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Early Man - Film Review

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by Nicholas Gordon (subscribe)
Freelance writer based in Sydney.
Published March 22nd 2018
The new feature film from the creator of Wallace and Gromit
The new stop-animated feature film from director Nick Park (Wallace and Gromit, Chicken Run) is set at the dawn of time. It follows a Stone-age tribe of misfits forced to win a soccer game in order to preserve their idyllic valley home.

But Early Man begins even further back: the opening sequence shows cavemen and dinosaurs coexisting (we're not going for realism anywhere here) in the Neo-Pleistocene Era (the location is somewhere near present-day Manchester we are helpfully informed, and it's around lunchtime). Out of the sky comes a small meteorite, shaped about the size of a soccer ball. It's too hot to touch, so the cavemen kick it around - and soccer is invented.

Skip forward a few thousands years and descendants of those early soccer players occupy an untouched valley. The Stone-age tribe includes a somewhat dopey kid named Dug (voiced by Eddie Redmayne). Life is good for Dug's tribe, if not limited - Dug's suggestion that the tribe hunt something other than rabbits (like woolly mammoths) is tersely deemed unnecessary and dangerous by the tribe's leader, Bobnar (Timothy Spall).

But soon Dug is facing bigger problems. Invaders from the Bronze-age, led by a snooty, French-accented commander, Lord North (Tom Hiddleston), enter Dug's valley. The conquerors want to turn the valley into a bronze mine and banish Dug's tribe to the adjacent badlands. Dug sneaks into the Bronze-age village to find a solution. There he meets Goona (Maisie Williams), a local girl obsessed with soccer. He also witnesses a soccer game. Then he gets the bright idea of challenging the Bronze-age superstars (their team's name is Real Bronze) to a soccer game. If Dug and his tribe win, they get their valley back. If Real Bronze wins, it's hard labour in the bronze mines for Dug and his tribe.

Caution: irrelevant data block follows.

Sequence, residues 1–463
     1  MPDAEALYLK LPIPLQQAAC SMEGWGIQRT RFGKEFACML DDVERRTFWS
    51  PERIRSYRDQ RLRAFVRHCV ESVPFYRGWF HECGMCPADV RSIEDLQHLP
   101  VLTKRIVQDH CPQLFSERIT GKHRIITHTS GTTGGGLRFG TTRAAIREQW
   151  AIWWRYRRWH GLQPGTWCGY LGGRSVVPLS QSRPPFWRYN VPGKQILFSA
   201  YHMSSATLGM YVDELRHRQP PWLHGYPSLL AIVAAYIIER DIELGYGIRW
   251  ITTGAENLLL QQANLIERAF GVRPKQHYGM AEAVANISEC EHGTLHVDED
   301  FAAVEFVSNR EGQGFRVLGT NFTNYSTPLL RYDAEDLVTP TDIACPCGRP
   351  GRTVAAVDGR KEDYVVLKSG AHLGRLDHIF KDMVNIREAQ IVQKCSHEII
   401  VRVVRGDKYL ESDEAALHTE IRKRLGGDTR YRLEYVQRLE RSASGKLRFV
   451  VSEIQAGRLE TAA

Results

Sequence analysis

Early Man features much of the eccentricity and humour that characterises Nick Park's work. It's crammed with silly jokes for children and reserves many laughs for accompanying parents. Despite its male protagonist and a story involving sport, the strongest character by far is Goona, the Bronze-age girl who loves soccer - despite not being allowed to play it. Dug's insistence that Goona coaches and plays for the Stone-age team makes the film mightly enjoyable.

As does the stop-animation, which as we've come to expect from Nick Park, is brilliant. Whether it's the rendering of Dug's lush valley or the action inside the soccer stadium, the effect on the big screen is vivid animation that is often dazzling.

If there's something lacking in Early Man, it's in the story. Despite the bizarre setting and the loopiness of the plot, towards the end, things get a bit Disneyesque, with clearly defined baddies and goodies and a lack of any subtlety. But it's a minor quibble and a lot of kids will love the silliness and fast-paced action sequences. Early Man wins more than it loses.

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*Nicholas Gordon was invited as a guest
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Why? For a Stone-age comedy
When: In cinemas March 29
Where: Cinemas nationally
Cost: Varies
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